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Bu Tinah and conservation go together

posted on 03/08/2010: 1957 views



Voting for Bu Tinah implies voting for conservation as it's indeed a wonder of the nature that such a rich and sustainable model of biodiversity flourishes in such a harsh climate.

No wonder Bu Tinah Island has found its way to the final list along with 28 others to be named one of the Seven Natural Wonders of the World. The serene island lies 130kms west off the coast of Abu Dhabi. Some of nature's most endangered animals thrive on the island, and coral reefs boom here. Far from the bustle of the city, the quietness of the island beckons. One can hear nothing but the chirping of birds and light waves splashing against the shores. This piece of paradise will vie with other places of breathtaking beauty like the Great Barrier Reef and the 
Amazon Forest.

"The reason we think Bu Tinah should be one of the wonders of nature is because despite our arid and harsh climate, we have a rich, sustainable biodiversity,” said Laila Yousef Al Hassan, spokesperson, Environment Agency – Abu Dhabi (EAD). Most people had never heard of the island or its inhabitants until the voting campaign was 
initiated, said Laila.

An international campaign launched in March by EAD, under the patronage of Sheikh Hamdan bin Zayed Al Nahyan, the Ruler's Representative in the Western Region and Chairman of EAD, garnered attention from voters around the world and succeeded in adding Bu Tinah to the final list out of 447 potential wonders in 224 countries. The ongoing drive included the use of social media such as Facebook and Twitter to gather supporters, a voting booth road show that collected votes from 17 organisations to date, and messages featured on public transport to promote awareness. In the hope of receiving more supporters, voting booths have now been shifted to the Abu Dhabi Airport Terminal One through which thousands of people pass on a daily basis. This move will help visitors from all over the world discover more about Abu Dhabi's natural heritage, according to Laila.

"We want people to know that they are voting for conservation, that Bu Tinah is a quiet, peaceful haven where animals visit, feed, rest and nest,” she said. Untainted by mankind and protected from human beings, the location is set within the Marawah Marine Biosphere Reserve. Is a hot spot for a variety of creatures such as the rare hawksbill turtle, dugong, several species of dolphins such as the Indo-pacific humpback and bottlenose dolphins, ospreys, Socotra cormorants and migratory birds. Natural mangroves stand at an average height of five metres and support wildlife including birds, fish and crustaceans. The island, in fact, supports a stable ecosystem, for its frequent visitors.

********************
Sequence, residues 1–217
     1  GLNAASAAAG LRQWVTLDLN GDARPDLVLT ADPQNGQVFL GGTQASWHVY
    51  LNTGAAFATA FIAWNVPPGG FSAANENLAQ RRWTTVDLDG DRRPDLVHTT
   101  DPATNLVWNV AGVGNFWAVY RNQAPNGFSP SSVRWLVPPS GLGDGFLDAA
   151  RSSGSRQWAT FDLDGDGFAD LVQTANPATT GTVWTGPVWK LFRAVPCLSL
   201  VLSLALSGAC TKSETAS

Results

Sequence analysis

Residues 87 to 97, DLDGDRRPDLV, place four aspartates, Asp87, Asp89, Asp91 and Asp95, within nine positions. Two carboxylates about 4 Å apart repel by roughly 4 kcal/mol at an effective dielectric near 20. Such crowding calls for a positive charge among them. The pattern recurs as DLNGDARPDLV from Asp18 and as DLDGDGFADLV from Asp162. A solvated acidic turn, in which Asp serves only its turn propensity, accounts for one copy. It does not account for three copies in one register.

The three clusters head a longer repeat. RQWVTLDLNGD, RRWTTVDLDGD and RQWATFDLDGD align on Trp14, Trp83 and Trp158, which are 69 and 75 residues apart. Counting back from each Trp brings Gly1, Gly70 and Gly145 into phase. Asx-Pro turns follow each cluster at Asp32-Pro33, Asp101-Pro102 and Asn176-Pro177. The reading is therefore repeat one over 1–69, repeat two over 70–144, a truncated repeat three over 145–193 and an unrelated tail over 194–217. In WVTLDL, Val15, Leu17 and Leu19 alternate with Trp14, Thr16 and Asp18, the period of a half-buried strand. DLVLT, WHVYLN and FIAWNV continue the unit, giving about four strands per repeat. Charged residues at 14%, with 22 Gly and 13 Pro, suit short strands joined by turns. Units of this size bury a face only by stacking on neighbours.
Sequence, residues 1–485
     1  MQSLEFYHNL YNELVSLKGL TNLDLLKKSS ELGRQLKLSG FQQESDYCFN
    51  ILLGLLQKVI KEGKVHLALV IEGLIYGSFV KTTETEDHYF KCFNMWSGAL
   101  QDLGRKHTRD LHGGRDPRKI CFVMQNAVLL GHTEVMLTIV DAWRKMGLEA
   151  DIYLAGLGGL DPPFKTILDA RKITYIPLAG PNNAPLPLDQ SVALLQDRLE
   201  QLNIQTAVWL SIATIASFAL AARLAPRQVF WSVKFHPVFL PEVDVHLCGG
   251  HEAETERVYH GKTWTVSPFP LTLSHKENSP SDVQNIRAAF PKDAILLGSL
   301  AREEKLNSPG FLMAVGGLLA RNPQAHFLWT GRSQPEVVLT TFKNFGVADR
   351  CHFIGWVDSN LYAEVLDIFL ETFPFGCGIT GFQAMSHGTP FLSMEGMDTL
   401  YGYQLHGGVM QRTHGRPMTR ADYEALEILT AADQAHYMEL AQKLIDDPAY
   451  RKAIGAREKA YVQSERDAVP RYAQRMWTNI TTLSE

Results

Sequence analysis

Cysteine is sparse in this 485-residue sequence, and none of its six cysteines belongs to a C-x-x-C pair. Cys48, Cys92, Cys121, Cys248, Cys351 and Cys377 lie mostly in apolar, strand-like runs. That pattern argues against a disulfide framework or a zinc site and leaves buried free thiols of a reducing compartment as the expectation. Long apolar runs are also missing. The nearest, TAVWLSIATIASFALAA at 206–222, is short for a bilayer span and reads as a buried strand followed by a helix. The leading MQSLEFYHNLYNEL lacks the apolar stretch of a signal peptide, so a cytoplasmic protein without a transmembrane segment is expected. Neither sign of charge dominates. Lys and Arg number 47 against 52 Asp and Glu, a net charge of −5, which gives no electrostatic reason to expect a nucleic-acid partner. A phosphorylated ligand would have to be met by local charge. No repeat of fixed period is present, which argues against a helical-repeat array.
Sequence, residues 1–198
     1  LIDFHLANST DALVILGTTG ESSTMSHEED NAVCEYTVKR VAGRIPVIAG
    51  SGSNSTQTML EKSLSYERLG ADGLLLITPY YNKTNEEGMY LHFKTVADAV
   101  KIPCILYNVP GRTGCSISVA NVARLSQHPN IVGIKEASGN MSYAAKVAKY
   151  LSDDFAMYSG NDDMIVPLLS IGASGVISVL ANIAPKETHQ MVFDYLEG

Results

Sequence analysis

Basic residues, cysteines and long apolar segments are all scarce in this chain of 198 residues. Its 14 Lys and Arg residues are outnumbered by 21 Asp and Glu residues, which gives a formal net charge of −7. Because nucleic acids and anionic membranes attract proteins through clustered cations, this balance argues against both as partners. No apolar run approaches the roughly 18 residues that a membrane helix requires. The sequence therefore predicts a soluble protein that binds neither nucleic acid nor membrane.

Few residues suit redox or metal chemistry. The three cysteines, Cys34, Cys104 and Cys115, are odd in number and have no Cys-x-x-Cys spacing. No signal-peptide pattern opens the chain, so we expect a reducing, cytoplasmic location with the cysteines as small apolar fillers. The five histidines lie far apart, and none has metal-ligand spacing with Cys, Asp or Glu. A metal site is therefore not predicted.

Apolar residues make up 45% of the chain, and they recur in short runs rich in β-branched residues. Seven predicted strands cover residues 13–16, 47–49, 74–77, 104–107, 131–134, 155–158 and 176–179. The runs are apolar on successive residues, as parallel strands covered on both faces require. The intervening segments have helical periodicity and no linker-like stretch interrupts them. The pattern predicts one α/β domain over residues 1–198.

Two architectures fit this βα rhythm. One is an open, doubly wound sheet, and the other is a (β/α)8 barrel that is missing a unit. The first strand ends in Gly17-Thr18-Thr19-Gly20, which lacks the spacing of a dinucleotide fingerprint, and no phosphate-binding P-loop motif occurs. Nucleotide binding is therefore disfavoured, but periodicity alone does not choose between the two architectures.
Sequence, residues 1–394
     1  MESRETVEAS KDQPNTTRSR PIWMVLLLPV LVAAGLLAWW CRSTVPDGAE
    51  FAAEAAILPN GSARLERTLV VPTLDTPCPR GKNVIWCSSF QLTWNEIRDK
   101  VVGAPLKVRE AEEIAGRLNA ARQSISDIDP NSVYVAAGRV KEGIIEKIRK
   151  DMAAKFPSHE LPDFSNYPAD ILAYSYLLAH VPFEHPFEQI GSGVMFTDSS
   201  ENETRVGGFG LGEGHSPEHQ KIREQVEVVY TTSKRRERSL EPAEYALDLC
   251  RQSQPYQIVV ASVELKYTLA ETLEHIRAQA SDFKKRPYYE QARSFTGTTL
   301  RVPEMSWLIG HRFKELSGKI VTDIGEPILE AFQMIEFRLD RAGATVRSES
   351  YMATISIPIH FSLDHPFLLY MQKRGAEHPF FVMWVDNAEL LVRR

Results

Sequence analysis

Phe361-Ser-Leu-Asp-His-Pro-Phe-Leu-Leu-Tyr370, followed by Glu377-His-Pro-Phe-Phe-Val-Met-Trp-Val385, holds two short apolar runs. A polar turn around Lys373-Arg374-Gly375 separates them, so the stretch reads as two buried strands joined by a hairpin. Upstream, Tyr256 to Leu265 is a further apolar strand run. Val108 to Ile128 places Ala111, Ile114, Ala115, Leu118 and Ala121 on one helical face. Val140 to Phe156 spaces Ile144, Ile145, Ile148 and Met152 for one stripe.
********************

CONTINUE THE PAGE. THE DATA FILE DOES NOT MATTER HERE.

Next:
"We have the highest diversity of Dugong per square metre,” said Laila, adding that the region's waters shelter the second largest population of the shy sea cows in the world.

The herbivorous marine mammal has been deemed ‘vulnerable' under the International Union of Conservation of Nature and Natural Resources' (IUCN) Red List of Threatened Species, three steps away from extinction. The abundant but critically important sea grass beds that flourish around Bu Tinah provide a rich feeding 
ground for them.

A 2008 survey by IUCN reported that there has been an 84 to 87 per cent decline in the number of mature female hawksbill turtles nesting annually over the last three turtle generations.

As a result, they have been categorised as ‘Critically Endangered' in the Red List and much concern has been raised about the slow-reproducing animals whose numbers have been rapidly dwindling due to loss of nesting areas and degradation of marine habitats around the world. Bu Tinah's shorelines have become a haven for them to lay eggs, giving hope to the species' future.

It is astounding that the coral reefs have adapted to the country's high temperatures and high saline levels, said Laila. Coral reefs usually live under temperatures of 23 degrees to 28 degrees Celsius but those around Bu Tinah flourish under 37 degrees Celsius. "We have globally unique corals that have adapted to survive in the country's harsh environment amid high salinity and hot temperatures,” she said.

This has set the area as a great platform for scientific research to look further into coral reef survival across the world with global warming 
propelling the drive.

"It is very significant that right here in our homeland we are blessed with thriving habitats that serve as a unique living laboratory with key significance for climate change research. Bu Tinah Island hosts globally endangered marine life and critically important habitats,” said Thabit Zahran Al Abdessalaam, Director of Biodiversity Management Sector, EAD.

The new Seven Wonders of Nature will be announced on November 11, 2011.

Voters can place their choices through an online poll. They can also send in an unlimited number of SMSs by sending ‘Bu Tinah' to 3888 (charge Dh2 per text). – Khaleej Times

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